Tire change and wheel balance, wire spoke GS wheels

Discussion in 'GS Boxers' started by manfromthestix, Jun 29, 2006.

  1. manfromthestix

    manfromthestix Lost in Space

    Joined:
    Dec 29, 2004
    Oddometer:
    2,340
    Location:
    Lexington, Virginia
    On a recent group ride my buddies and I were discussing tire changing. I had just swapped tires and balanced the wheels on my GS and photo-documented it, so I thought I'd post ANOTHER do-it-yourself tire mounting and balancing thread just in case folks need a refresher!

    N00bs, listen up, you can do this! [​IMG]

    When I bought my first BMW (a 1997 R1100RT that I still own and love) it needed tires in a bad way. I took it to a dealer and said, "Swap those bad boys for some fresh meat!". They did a fine job, but the labor costs almost equaled the cost of the tires and I nearly had my first BMW sticker-shock coronary right then and there. Over $450 for a set of tires [​IMG]. I can buy a set from SWMotoTires.com for under $225 shipped to my door. I've been riding for 43 years now and have changed a lot of dirt bike tires, but was intimidated by the cast wheels on the RT. So I did some reading, bought a Marc Parnes balancer (what a cool tool!) and three long curvy tire irons from Bob's BMW. So here we go!

    It's always a good idea to tie off the center stand so the bike doesn't fall forward while working in it. It's easy on the GS, just tie off to the crash bars. It's tougher to find something to tie off to on my RT or K75.

    [​IMG]

    Check the crown seal and final drive while you've got the wheel off, and check the brake pads. Good, no sign of oil leaks! Clean it up good before putting it back together. The brake rotor comes off with the GS wheel, but stays on the bike with the RT and K75. You don't even need to pull the brake calipers off to get the GS wheel off.

    [​IMG]
    If it looks like this, you need a new crown seal (Red Line Heavy gear oil seeping from the RT's seal :puke1 ):

    [​IMG]

    Still some meat on that tire, but not enough for a long ride!

    [​IMG]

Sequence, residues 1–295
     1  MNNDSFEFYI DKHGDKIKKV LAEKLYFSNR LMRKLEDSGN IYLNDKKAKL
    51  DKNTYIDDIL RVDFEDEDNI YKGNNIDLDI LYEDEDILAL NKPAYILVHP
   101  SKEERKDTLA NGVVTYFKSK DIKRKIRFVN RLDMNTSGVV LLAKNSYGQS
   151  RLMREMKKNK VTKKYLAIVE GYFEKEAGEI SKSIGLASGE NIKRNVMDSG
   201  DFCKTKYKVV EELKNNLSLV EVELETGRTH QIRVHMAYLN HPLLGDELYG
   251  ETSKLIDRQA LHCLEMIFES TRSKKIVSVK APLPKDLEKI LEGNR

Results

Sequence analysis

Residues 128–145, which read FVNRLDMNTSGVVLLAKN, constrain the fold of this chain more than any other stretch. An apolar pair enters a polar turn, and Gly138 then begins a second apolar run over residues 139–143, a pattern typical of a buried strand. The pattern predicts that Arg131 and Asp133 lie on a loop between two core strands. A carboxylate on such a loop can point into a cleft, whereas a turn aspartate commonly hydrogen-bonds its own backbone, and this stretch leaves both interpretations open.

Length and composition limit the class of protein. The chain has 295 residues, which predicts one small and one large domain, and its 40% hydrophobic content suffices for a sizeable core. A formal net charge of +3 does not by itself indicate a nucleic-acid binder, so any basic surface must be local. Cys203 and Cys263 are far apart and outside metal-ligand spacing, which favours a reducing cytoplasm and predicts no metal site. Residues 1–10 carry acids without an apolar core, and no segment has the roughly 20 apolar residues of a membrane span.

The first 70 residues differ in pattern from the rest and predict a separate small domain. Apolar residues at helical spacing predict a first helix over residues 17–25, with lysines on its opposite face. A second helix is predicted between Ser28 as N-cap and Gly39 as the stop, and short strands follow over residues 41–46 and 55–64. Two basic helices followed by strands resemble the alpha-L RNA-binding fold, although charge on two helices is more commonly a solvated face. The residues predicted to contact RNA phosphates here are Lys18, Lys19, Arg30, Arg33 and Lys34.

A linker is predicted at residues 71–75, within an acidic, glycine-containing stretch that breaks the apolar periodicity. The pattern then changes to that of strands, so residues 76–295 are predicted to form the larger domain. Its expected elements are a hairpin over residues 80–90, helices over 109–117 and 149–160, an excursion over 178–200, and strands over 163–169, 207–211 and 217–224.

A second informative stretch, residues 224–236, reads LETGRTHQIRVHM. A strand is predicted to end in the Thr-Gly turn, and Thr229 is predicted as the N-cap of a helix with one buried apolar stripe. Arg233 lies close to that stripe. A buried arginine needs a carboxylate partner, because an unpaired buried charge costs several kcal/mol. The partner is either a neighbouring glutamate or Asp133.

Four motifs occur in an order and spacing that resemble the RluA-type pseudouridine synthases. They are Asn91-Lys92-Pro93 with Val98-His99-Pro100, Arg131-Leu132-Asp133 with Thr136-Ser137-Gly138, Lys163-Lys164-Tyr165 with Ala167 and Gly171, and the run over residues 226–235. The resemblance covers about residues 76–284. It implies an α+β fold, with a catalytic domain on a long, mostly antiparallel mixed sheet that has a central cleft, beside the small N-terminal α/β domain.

This is where the real fun begins, breaking the bead on the old tire. I use a high-tech gizmo of my own fabrication:

    [​IMG]

    Set the wheel rotor-side down on three carpet covered 2X4's and use the truck's frame as a fulcrum. The 2X4 lever has a piece of scrap metal I found along the railroad bolted to it for a bead-breaker. Cheap and effective! Careful not to scratch your rims here.

    [​IMG]

    Flip the wheel over and break the bead on the other side, careful of the brake rotor!

    Now we're ready for the really fun part, taking the old tire off the wheel. I use the same carpet-covered 2X4's, rotor side down, Windex for lubrication, three curvy tire irons and some plastic rim protectors made from a liquid detergent bottle (milk cartons and pop bottles are too thin). The rim protectors sold at motorcycle shops work great on your cast wheels but they don't fit the thicker spoked wheels.

    [​IMG]

    I'm going to post this in chunks so I don't run the risk of losing it to a computer (operator) glitch!
    #1
  2. manfromthestix

    manfromthestix Lost in Space

    Joined:
    Dec 29, 2004
    Oddometer:
    2,340
    Location:
    Lexington, Virginia
    Continued:

    It's easier to get a good "bite" with three tire irons:

    [​IMG]

    Once the tire is popped off one side, reach under and pull the other side off the same way. Those curvy tire irons are fantastic! Use lots of Windex for lubrication.

    [​IMG]

    [​IMG]

    [​IMG]

    Bingo!

    [​IMG]

    Now it's time to clean the old rubber, wheel weights, bugs and other crap off the wheel so you can properly balance it and provide a good seat for the new tire:

    [​IMG]

    [​IMG]

    Next chunk, balance the wheel without the tire!

    Doug
    #2
  3. manfromthestix

    manfromthestix Lost in Space

    Joined:
    Dec 29, 2004
    Oddometer:
    2,340
    Location:
    Lexington, Virginia
    Now it's time to balance the wheel without the tire on it. This is done because there's always a heavy spot on a wheel, and tire manufacturers mark the light spot on their tires. Put the light spot of the tire adjacent to the heavy part of the wheel and you decrease the amount of weight needed to balance it.

    This is the Parnes balancer resting on two jack stands. The cardboard under one stand is to level the balancer. I bought the BMW set of cones for the balancer and a "universal" cone so I can balance the wheels on any bike (BMWs, Honda, Kawasaki, Suzuki, etc.). [​IMG] [​IMG]

    [​IMG]

    [​IMG]

    Balance the wheel according to the instructions.

    [​IMG]

    Hmmmm.... The heavy spot is really close to the valve stem! See the red dots on the Metzelers showing the lightest part of the tire?

    [​IMG]

    I tap a couple of punch marks into the rim to mark the heavy spot:

    [​IMG]

    Getting the rotation direction correct is easy with the GS wheels since the rim and tire are both marked. On the cast wheels the arrow on the tire goes on the rear wheel opposite the drive side, and the front wheel on the speedo side (left side of the wheels).

    [​IMG]
    #3
  4. manfromthestix

    manfromthestix Lost in Space

    Joined:
    Dec 29, 2004
    Oddometer:
    2,340
    Location:
    Lexington, Virginia
    Once you've established the heaviest part of the wheel and marked it, you never have to do that step again. Check out the valve stem and replace it if it looks suspicious, you can get them at any car parts dealer for next to nothing.

    Put the new tire on the wheel by reversing the procedures outlined above, making sure you've got the rotation direction arrow on the tire on the correct side of the wheel.

    [​IMG]